Bar 26 – The melody remains intact here but there is
a bit more movement on the bass so make sure the
picking hand thumb is comfortable with accurately
moving into place each time.
S tuart R yan The Heritage
Lord Gordon’s Reel
Traditional, arranged for solo acoustic guitar by Stuart Ryan
DADGAD Tuning, Capo 2nd Fret
Stu ar t Rya n The Heritage
General Overview
Sally Gardens
This beautiful Irish air derives from a poem by W B Yeats. He was trying to
re-create the sound of ‘The Rambling Boys of Pleasure’, a traditional Irish folk
song he overheard an old woman singing. However, the melody to accompany the
lyrics of ‘Sally Gardens’ ended up coming from another old Irish air, ‘The Maids of
Mourne Shore’. This tune is very popular within traditional circles and will be a great
asset to any performance set - indeed I’ve placed this one in many live settings and
it has always gone down well. The Drop D tuning helps to give the arrangement a
‘larger’ sound as we can really exploit the open sixth string at various points. The
melody is simple and sparse and so offers various opportunities for supporting
harmony to move against it. In addition, it is common to add some rhythmic
embellishment to simple melodies such as this one. This helps to add some interest to
an arrangement but it’s also a great device for a player to work on – even though we
are moving at a slow tempo here, some of these rhythmic phrases will require
sudden acceleration on the fretting hand so focused work on hammer-ons
and pull-offs will pay dividends ultimately.
Stu ar t Rya n The Heritage
Traditional, arranged by Stuart Ryan
Bar 2 – This slow melody needs to be played with
clarity and even dynamics. Keeping the open 6th and
5th strings ringing in this bar will help to add some
depth over which you can play the melody. The legato
phrasing is not essential here - you can pick every note
but hammer-ons and pull-offs may smooth things out
even more.
Bar 6 – Look out for the triplet rhythm at the end of this
bar, these three notes need to fit into two beats and this
can be an awkward rhythm to get used to at first.
Bar 12 – Although it’s not indicated, you can pick up the
pace on the ascending melody in this bar. This type of
rhythmic phrasing is ultimately instinctive but works well
when you are moving between sections in a piece.
Bar 14 – Simple two-note harmony is a useful device to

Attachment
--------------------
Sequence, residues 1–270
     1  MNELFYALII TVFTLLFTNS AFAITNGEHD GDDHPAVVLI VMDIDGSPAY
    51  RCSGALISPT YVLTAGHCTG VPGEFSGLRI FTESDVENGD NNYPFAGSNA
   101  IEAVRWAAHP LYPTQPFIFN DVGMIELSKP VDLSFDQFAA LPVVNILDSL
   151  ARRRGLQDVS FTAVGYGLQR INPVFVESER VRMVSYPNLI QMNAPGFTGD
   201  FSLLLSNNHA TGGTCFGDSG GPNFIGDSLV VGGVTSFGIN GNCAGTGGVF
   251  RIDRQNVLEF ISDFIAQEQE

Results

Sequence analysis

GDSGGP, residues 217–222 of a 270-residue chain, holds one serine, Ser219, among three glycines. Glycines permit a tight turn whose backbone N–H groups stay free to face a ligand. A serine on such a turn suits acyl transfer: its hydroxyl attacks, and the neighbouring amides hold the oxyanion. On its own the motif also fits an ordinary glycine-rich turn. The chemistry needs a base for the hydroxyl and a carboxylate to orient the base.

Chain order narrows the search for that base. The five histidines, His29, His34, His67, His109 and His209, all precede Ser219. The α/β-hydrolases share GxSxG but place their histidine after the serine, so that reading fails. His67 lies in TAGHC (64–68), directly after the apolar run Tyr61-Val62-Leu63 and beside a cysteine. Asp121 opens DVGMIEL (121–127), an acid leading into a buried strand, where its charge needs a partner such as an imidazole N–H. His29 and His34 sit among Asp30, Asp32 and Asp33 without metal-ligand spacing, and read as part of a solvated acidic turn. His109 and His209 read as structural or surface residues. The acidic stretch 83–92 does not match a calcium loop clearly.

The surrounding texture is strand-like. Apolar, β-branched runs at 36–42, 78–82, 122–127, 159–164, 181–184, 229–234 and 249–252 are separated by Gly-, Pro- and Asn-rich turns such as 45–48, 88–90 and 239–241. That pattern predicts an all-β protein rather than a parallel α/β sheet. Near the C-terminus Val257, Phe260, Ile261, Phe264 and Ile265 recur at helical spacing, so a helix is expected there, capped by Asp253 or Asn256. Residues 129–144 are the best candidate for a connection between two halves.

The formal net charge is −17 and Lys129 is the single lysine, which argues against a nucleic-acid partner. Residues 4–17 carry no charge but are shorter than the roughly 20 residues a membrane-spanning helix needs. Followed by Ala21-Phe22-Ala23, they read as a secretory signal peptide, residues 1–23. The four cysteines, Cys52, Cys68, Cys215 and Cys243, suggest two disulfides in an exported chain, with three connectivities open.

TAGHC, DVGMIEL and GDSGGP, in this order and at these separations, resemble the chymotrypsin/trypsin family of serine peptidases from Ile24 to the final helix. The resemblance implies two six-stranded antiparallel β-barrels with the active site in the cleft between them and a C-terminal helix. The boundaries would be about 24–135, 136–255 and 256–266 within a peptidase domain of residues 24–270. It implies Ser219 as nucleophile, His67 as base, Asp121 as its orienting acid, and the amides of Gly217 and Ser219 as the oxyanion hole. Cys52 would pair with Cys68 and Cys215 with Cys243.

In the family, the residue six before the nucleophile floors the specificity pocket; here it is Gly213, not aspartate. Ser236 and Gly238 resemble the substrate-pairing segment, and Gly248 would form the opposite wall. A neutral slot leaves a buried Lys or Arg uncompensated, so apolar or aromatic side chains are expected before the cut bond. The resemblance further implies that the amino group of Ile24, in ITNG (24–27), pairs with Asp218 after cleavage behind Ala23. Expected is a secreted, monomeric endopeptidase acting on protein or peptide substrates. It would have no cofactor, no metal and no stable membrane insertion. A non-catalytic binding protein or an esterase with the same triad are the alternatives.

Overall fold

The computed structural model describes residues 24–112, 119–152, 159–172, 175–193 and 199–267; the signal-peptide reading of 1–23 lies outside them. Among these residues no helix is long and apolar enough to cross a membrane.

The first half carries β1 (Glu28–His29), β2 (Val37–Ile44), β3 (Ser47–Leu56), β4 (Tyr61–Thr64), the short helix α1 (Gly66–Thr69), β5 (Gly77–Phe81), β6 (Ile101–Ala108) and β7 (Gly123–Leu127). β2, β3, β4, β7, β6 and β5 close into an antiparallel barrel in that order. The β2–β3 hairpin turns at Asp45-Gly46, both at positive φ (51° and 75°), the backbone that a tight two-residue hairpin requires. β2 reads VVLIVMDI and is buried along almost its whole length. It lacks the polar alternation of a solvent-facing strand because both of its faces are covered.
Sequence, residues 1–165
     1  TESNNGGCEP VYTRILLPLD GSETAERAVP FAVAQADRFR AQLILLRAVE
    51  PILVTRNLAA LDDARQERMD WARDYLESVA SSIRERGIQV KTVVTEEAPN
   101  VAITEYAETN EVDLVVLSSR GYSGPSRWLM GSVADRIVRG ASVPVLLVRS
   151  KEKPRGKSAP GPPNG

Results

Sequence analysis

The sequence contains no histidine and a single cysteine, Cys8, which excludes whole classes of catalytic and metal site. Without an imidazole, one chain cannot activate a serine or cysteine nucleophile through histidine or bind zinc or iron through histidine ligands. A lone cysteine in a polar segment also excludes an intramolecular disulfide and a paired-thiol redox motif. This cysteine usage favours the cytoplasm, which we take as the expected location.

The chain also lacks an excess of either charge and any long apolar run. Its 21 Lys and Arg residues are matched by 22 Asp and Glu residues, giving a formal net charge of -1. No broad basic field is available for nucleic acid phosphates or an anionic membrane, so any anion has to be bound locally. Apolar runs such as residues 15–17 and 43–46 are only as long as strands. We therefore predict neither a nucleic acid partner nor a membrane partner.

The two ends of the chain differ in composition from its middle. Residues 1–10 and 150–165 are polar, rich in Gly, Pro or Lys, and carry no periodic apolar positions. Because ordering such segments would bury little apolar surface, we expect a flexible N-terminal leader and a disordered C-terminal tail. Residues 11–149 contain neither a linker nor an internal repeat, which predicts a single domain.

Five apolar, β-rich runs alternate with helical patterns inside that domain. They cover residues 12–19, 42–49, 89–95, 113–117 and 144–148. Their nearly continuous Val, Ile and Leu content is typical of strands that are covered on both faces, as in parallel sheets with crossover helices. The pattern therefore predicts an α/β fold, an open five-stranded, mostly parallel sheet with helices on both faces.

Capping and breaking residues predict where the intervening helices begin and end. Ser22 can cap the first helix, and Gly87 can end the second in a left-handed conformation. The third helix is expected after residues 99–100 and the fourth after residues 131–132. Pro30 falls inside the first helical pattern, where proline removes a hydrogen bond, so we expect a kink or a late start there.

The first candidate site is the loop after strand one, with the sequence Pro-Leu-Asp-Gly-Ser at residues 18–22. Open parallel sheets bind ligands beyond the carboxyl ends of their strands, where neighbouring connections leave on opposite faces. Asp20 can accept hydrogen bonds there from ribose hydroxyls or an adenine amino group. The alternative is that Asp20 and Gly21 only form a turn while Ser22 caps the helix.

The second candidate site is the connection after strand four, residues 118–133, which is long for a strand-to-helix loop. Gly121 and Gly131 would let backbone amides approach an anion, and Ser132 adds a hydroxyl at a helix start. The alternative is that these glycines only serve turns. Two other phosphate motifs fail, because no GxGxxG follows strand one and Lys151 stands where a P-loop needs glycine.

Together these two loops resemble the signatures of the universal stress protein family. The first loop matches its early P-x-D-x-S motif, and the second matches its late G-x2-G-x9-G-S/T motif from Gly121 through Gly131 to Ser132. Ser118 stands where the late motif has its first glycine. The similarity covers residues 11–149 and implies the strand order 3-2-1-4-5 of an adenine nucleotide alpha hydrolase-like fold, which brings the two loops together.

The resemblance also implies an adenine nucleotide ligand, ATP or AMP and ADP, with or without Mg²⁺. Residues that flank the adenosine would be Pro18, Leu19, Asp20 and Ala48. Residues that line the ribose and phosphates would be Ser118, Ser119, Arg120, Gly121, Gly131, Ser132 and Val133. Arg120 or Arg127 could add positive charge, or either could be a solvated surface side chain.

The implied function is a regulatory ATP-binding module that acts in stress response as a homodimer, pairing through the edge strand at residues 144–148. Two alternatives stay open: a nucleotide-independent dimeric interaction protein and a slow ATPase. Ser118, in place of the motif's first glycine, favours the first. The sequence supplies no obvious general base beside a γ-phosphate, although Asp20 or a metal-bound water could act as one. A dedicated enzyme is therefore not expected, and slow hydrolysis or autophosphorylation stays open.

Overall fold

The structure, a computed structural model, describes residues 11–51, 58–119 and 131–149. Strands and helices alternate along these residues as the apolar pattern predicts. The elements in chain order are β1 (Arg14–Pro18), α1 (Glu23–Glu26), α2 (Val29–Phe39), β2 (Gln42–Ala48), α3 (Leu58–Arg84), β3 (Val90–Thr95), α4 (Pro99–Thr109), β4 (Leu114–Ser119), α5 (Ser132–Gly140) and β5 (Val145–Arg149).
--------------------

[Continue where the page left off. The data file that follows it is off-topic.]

incorporate when developing solo guitar arrangements.
It doesn’t sound as full as three or more note chords
but you can get simple counterpoint as with this bar
and the following one – note the movement on string 5
against the melody.
Bar 17 – The melody moves up an octave here so work
on keeping all the notes ringing in this bar to make this
section sound as full as possible.
Bar 20 – The combination of harmonics and the melody
played from within chord shapes makes this one of the
more detailed passages for the fretting hand to contend
with so as ever make sure you have all the shapes
under the fingers before fitting this into the whole
Bar 22 – As with bar 20 there is a lot to deal with here
starting off with the descending counter melody on
string 3. Look out for the rhythmic embellishment half
way through the following bar (the pull-off on string 1) as
it’s quite rapid.
Bar 26 – Some tricky rhythmic phrasing to contend
with here – there is a demi-semiquaver legato phrase
on string 4 that then gives way to a triplet phrase. It’s
not as bad as it sounds as were are dealing with a slow
tempo but it is worth isolating this bar to ensure you can
perform these rhythms at this tempo without speeding
up or slowing down.
Bar 34 – The ascending movement on the bassline
makes this a more challenging passage and successful
execution of this bar is really contingent on the fretting
hand being confident with playing these shapes.
S tuart R yan The Heritage
Sally Gardens
Traditional, arranged for solo acoustic guitar by Stuart Ryan
Drop D Tuning
Stu ar t Rya n The Heritage
Wayfaring Stranger
Traditional, arranged for solo acoustic guitar by Stuart Ryan
Open D Minor Tuning
Stu ar t Rya n The Heritage